“Today it is not me who is talking; I am taking you from your territory to look at things from another perspective, the perspective of the conservative Muslims. With their foundations I totally disagree, but in my quest for balance and understanding of the way others may see things differently, I am plagued with this sickness, entertaining ideas from the perspective of the person I am talking with, to see the amount of merit it has.

The discussion about the West and the Muslim world is raging all the time here, with very conflicting views. People here in general tend to see the West as an example of creativity, freedom, and wealth, but at the same time they hate it — mainly for its policies and government decisions, such as taking sides in the Arab-Israeli conflict and supporting Arab dictators.

People here in this conservative Muslim country tend to look to things from the following perspective. I would like you to read it through, and to let me know your feedback. I don’t necessarily want you to defend the West as I consider myself a Westerner in many aspects.

The West is an Empire, and it is an evil empire, it has failed morally, as it looks only to its interests. Historically, it used the wealth and sweat of other nations to build its hypocritical and consumption-oriented civilization; it has usurped and stolen the wealth of other nations to build its cities and agglomerations. The civilization the West is a Greek civilization where only the master has rights, and where the slaves exist only for the pleasure of the master. In application the master here is the West, and slaves are other non-developed nations. Nations were made extinct in this process, such as the native Indians in the US and Australia. The West has used the sweat of the nations — America was built by African Americans and Latinos, Australia was built by Indonesians and Chinese, and the UK used the Indians. When all the building was done, they started preaching “human rights”, and they use it to prevent other nations from taking the same path they took. Look at Dubai: Human Rights Watch is saying Dubai skyscrapers builders don’t respect the human rights of the employees, but Human Rights Watch was not there when New York, Paris, or Sydney skyscrapers were built in the Nineteenth and early Twentieth Century. It is not fair to not give a chance to those nations, demanding they meet the western standards of human rights during the building process. Now that the West has its stomach full, it wants the hungry others to play by new rules that it didn’t respect when it was hungry – slavery, war, colonization.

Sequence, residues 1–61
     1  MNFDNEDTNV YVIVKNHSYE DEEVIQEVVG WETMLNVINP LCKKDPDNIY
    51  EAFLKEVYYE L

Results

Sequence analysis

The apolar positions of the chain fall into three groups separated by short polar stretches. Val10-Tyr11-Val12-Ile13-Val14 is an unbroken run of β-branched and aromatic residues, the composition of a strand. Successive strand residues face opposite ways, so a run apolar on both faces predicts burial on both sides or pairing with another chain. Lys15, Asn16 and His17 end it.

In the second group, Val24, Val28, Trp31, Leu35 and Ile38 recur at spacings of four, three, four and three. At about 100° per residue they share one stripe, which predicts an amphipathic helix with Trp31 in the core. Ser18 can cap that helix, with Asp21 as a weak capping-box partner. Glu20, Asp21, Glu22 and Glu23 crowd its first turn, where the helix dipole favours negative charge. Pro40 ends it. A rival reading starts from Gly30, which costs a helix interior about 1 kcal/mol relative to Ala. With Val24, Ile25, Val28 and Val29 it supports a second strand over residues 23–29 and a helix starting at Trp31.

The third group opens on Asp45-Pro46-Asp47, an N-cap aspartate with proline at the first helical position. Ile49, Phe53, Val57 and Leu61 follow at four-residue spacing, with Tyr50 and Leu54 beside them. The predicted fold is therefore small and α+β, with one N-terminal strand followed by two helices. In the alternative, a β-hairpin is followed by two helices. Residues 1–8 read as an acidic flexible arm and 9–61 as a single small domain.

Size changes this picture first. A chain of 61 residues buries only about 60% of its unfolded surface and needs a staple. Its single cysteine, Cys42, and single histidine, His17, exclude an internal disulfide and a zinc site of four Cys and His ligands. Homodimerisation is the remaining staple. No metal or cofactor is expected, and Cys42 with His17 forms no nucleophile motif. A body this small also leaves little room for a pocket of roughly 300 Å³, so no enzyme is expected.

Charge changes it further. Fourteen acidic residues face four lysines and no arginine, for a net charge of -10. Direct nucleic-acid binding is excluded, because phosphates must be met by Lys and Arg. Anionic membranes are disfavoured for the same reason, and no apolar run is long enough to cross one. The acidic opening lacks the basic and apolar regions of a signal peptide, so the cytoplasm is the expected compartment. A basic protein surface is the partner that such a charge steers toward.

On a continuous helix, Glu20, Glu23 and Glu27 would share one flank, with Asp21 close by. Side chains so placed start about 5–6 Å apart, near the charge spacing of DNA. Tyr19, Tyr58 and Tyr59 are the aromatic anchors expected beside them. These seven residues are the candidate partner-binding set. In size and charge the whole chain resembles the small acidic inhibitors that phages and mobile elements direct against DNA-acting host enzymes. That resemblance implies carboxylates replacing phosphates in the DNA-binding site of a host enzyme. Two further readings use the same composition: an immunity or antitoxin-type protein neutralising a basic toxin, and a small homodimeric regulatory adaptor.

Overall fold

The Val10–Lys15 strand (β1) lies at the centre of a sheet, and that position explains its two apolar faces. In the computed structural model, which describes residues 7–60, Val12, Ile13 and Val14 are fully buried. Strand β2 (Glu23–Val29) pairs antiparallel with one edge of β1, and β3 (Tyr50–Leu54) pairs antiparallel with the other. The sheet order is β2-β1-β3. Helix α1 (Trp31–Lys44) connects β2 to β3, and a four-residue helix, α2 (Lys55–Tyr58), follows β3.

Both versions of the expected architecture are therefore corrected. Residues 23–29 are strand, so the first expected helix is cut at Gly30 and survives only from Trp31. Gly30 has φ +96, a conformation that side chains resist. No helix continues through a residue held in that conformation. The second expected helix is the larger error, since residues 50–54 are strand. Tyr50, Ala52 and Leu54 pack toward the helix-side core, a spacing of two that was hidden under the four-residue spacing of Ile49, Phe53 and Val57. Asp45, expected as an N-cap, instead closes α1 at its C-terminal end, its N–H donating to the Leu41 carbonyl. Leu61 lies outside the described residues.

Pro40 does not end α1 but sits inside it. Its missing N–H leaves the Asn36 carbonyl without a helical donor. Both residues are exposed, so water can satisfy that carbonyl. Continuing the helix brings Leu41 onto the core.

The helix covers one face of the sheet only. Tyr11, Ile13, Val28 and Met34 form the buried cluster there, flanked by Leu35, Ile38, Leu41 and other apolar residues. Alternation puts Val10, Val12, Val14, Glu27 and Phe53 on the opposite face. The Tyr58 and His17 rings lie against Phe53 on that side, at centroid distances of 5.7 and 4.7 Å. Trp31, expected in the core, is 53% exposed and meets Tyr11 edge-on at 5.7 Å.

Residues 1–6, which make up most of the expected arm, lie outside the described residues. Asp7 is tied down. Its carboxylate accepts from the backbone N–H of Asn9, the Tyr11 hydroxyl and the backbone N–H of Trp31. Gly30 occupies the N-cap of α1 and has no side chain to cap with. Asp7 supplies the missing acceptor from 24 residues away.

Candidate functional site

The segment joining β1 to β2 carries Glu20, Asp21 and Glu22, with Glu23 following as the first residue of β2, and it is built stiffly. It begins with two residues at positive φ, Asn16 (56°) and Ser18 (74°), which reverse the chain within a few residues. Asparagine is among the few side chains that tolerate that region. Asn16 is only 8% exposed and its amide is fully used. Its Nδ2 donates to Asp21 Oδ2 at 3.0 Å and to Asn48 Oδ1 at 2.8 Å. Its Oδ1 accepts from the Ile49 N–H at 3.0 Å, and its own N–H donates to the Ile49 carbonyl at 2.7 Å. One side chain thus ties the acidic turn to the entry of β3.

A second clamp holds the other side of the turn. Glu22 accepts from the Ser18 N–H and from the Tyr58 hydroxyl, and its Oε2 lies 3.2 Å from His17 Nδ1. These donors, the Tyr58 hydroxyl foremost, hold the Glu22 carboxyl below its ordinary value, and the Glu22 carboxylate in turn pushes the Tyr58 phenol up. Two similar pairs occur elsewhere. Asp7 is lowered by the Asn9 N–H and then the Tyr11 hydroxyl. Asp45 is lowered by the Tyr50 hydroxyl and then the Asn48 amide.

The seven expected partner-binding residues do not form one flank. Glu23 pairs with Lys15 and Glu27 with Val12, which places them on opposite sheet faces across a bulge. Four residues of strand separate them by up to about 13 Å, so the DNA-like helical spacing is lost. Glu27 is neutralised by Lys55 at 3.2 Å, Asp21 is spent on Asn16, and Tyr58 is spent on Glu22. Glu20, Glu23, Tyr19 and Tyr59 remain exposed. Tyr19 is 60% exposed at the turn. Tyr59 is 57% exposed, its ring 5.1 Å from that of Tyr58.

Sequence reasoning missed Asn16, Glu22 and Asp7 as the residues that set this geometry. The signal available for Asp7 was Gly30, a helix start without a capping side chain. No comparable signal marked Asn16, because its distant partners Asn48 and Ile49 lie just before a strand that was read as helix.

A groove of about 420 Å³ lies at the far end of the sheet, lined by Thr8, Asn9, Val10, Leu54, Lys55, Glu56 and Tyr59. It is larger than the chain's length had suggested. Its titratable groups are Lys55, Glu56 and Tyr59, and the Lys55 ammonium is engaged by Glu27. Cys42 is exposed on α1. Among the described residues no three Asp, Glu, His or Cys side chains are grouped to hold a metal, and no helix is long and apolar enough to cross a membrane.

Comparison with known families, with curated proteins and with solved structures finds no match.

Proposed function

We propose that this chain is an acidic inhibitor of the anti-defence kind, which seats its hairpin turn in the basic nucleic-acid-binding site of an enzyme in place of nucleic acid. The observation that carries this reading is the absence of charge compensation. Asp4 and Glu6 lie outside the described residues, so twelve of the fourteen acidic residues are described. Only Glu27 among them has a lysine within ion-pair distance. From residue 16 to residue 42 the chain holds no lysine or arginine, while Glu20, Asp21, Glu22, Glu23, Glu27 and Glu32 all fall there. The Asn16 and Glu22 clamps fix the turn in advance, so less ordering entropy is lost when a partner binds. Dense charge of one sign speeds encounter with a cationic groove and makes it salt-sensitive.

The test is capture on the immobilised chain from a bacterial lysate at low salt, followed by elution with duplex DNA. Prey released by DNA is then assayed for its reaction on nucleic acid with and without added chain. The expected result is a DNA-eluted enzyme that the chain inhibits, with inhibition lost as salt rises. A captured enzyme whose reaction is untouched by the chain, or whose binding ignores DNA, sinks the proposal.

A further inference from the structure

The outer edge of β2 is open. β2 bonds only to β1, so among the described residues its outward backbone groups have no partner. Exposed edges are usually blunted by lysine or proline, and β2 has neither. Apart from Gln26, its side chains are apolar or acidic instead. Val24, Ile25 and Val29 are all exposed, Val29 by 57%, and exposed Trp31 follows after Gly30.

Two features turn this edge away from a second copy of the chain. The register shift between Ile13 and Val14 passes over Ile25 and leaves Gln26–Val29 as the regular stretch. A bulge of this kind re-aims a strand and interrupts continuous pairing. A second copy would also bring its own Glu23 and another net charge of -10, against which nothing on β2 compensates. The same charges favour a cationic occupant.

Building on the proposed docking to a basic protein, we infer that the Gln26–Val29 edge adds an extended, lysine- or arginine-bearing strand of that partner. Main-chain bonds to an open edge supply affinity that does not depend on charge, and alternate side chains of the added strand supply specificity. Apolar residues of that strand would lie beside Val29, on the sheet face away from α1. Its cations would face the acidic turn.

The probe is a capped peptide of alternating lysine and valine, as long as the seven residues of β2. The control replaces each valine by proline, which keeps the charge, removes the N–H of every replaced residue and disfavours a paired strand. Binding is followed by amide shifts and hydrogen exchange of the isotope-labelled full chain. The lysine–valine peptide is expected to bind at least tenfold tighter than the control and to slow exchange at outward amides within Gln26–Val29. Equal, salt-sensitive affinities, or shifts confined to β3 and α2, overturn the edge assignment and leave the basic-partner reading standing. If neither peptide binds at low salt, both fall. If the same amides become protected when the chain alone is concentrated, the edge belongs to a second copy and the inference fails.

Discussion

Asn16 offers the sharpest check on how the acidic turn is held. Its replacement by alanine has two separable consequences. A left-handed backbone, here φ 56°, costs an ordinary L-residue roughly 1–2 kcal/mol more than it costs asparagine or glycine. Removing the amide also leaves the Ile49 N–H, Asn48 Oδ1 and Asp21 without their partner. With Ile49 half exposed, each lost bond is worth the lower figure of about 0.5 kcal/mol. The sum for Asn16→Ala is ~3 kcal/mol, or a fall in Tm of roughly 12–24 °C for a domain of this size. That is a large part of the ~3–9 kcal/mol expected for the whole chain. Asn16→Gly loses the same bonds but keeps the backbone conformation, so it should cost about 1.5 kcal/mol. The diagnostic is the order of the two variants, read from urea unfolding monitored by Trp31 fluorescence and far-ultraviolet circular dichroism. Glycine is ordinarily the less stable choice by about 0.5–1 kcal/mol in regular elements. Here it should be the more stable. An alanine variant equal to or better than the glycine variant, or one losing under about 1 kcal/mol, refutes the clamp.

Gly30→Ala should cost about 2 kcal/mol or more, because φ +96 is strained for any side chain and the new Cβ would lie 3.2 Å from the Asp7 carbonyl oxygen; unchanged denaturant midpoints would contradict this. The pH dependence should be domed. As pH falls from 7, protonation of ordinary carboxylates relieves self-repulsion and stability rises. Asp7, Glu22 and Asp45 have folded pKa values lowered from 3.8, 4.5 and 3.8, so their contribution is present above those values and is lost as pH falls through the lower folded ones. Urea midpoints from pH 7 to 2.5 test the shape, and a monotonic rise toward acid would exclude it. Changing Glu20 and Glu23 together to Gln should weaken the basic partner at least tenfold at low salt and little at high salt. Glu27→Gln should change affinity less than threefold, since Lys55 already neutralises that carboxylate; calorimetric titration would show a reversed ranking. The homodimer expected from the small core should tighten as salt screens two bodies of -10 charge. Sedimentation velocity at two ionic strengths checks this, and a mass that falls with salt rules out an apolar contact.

The West uses violence against other nations, and other nations use violence against the West. The only difference is that the West uses organized violence in contrast with the sporadic, unorganized violence used by other nations. For example, the US staged a war without any valid reason on Iraq, killed thousands of people, and destroyed the life of a nation, but when an oppressed and uneducated young Muslim tries to make an isolated act, it is called terror, and is labeled by the media as Islamic — what is the difference between the two? There is no difference except that one of the acts is committed by men in uniform, with their leaders in nice ties and clean offices, whereas the other is committed by isolated men with no uniform, whose leaders are ignorant clerics with big funny beards.

The bottom line is that it is about a competition in style of life, between barbarian oriental traditionalist societies with religion in the background, and barbarian western societies with democracy and conceptions of Greek freedom in the background.”

Do you have a response? My friend would be eager to read your comments. Please post freely.